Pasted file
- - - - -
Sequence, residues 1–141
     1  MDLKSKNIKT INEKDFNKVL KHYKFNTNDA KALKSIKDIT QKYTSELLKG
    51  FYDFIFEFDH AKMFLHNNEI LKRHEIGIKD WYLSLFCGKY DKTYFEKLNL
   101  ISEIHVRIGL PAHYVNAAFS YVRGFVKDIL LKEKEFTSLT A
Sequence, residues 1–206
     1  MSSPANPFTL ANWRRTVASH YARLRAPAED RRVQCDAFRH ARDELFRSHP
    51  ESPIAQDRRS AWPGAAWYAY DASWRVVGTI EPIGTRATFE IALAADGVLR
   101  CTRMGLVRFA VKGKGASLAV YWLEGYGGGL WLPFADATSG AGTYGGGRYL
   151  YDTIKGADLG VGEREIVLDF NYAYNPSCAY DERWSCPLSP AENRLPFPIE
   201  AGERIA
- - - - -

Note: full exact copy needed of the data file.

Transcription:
Sequence, residues 1–141
     1  MDLKSKNIKT INEKDFNKVL KHYKFNTNDA KALKSIKDIT QKYTSELLKG
    51  FYDFIFEFDH AKMFLHNNEI LKRHEIGIKD WYLSLFCGKY DKTYFEKLNL
   101  ISEIHVRIGL PAHYVNAAFS YVRGFVKDIL LKEKEFTSLT A
Sequence, residues 1–206
     1  MSSPANPFTL ANWRRTVASH YARLRAPAED RRVQCDAFRH ARDELFRSHP
    51  ESPIAQDRRS AWPGAAWYAY DASWRVVGTI EPIGTRATFE IALAADGVLR
   101  CTRMGLVRFA VKGKGASLAV YWLEGYGGGL WLPFADATSG AGTYGGGRYL
   151  YDTIKGADLG VGEREIVLDF NYAYNPSCAY DERWSCPLSP AENRLPFPIE
   201  AGERIA